“Trump, as president of the number one GHG emitter, is defending the corporate interests of dirty corporations.”
By RONALYN V. OLEA
MANILA — Asserting that climate change is real, environmentalists, scientists and other sectors joined the global movement March for Science.
More than 200 members of different organizations including the Climate Change Network for Community Initiatives, Inc. (CCNCI), Agham, Kalikasan People’s Network for the Environment, among others, participated in the March for Science, Environment and the People at the Quezon City Memorial Circle in Quezon City on Earth Day, April 22.
The activity was part of the 600 protest actions around the world in response to the Trump administration’s ‘anti-science’ policies. As then presidential candidate, U.S. President Donald Trump claimed climate change as a hoax.
Belna Cabasan, CCNCI executive director, said, “Trump, as president of the number one GHG emitter, is defending the corporate interests of dirty corporations.”
Cabasan said data from the Intergovernmental Panel of Climate Change http://www.ipcc.ch/ show that human influence on the climate system is clear. According to IPCC, the global average temperature is estimated to have risen by 0.85 Celsius from 1880 to 2012. The Arctic and the cryosphere are changing rapidly and the sea levels are changing globally, according to IPCC.
Rainfall in some regions is increasing. In Asia, there has been an observed increase in the frequency and intensity of extreme rainfall events, despite a decline in average annual rainfall across the continent.
Tropical cyclones or typhoons are becoming more intense, with an increase in storm intensity observed since the 1970s, consistent with rising ocean temperatures
Ocean surface temperatures are increasing, rising 0.10oC between 1961 and 2003.
Climate change and the Philippines
“The most vulnerable to the impacts of climate change are those from poor countries like the Philippines,” Cabasan said. She said that 80 percent of natural disasters experienced in the Philippines over the past century have been climate or weather-related.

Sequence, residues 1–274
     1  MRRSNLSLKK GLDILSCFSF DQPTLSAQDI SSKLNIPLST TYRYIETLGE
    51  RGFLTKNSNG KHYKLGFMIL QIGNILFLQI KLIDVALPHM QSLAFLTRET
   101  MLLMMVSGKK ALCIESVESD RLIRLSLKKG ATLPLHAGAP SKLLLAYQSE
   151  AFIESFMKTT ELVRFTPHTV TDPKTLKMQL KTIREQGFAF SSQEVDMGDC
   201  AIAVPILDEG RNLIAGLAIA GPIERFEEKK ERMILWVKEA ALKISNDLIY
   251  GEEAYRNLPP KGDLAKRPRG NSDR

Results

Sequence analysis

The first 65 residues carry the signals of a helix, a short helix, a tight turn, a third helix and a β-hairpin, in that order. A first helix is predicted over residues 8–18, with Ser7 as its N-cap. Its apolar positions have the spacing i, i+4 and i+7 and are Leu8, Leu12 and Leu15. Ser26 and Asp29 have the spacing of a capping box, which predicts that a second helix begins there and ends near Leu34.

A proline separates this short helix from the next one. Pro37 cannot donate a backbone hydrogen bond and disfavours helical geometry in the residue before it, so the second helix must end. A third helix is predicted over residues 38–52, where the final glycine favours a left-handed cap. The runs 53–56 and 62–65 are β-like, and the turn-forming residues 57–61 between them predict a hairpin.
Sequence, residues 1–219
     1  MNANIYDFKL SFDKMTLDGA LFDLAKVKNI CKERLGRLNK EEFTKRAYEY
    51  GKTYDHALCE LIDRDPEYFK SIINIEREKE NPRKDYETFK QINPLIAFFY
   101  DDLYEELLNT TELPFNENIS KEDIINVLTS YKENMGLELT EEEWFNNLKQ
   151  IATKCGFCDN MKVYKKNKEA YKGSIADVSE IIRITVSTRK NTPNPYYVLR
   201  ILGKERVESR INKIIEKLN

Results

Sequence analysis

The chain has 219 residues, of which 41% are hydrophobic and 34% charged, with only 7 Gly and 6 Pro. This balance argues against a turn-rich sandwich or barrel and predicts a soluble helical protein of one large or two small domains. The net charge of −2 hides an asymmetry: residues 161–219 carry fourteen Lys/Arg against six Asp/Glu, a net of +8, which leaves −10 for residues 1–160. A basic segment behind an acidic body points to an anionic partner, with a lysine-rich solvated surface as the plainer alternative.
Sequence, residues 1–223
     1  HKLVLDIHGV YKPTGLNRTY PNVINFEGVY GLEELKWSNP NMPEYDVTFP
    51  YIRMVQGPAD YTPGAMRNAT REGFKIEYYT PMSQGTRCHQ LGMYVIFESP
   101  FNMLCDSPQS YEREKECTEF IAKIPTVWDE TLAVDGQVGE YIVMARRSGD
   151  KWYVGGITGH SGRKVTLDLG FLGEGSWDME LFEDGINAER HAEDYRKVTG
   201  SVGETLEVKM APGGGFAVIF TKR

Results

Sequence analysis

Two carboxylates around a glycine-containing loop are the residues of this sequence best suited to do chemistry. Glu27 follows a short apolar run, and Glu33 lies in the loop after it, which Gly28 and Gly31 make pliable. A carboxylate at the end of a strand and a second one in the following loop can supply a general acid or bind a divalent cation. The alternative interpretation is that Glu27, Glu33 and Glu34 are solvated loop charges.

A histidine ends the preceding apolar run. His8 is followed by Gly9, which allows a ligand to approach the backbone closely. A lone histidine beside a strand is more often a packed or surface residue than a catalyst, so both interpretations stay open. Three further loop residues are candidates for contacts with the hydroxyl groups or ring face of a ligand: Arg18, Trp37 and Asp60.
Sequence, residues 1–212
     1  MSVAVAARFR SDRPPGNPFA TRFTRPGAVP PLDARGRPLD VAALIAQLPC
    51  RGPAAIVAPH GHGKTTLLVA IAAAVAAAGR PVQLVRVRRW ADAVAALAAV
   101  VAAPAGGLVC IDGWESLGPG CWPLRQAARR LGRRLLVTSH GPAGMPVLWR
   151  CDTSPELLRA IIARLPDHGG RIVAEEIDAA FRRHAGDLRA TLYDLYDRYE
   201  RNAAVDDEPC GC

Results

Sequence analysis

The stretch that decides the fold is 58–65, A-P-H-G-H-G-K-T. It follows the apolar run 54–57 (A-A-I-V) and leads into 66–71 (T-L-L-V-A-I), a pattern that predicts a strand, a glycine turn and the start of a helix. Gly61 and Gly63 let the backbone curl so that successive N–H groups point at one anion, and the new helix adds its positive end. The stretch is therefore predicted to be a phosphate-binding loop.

Cabasan added that 85 percent of Filipinos report directly experiencing the impacts of climate change.
Cabasan said experts have stated the following national climate projections for the Philippines by 2050:
– Increase in average annual temperature of between 0.9°C and 1.1°C in 2020, and between 1.8°C and 2.2°C by 2050
– Sea level rise of between 19cm and 104cm by 2080, based on 1990 levels
– Decline in rainfall in the dry season, between March and May
– Increase in rainfall in the wet seasons, particularly between June and ?August
– Intensification of the southwest and northwest monsoons in Luzon and ?the Visayas, with an increase in the frequency and intensity of extreme ?rainfall events between June and February
– Intensification of typhoon activity as ocean temperatures increase
Cabasan said all of the said projections will have severe impacts on the nation’s food security if adaptation measures are not undertaken.
“We have seen how our farmers grapple with the devastating effects of the drought and La Nina phenomenon. We have also witnessed the tragedy brought by supertyphoon Yolanda. We have no choice but to be prepared for the things that have yet to come,” Cabasan said.
For CCNCI, addressing poverty and social inequities is the best way to mitigate the impacts of climate change. “Without addressing the people’s vulnerabilities, all mitigation and adaptation measures would be superficial,” Cabasan said.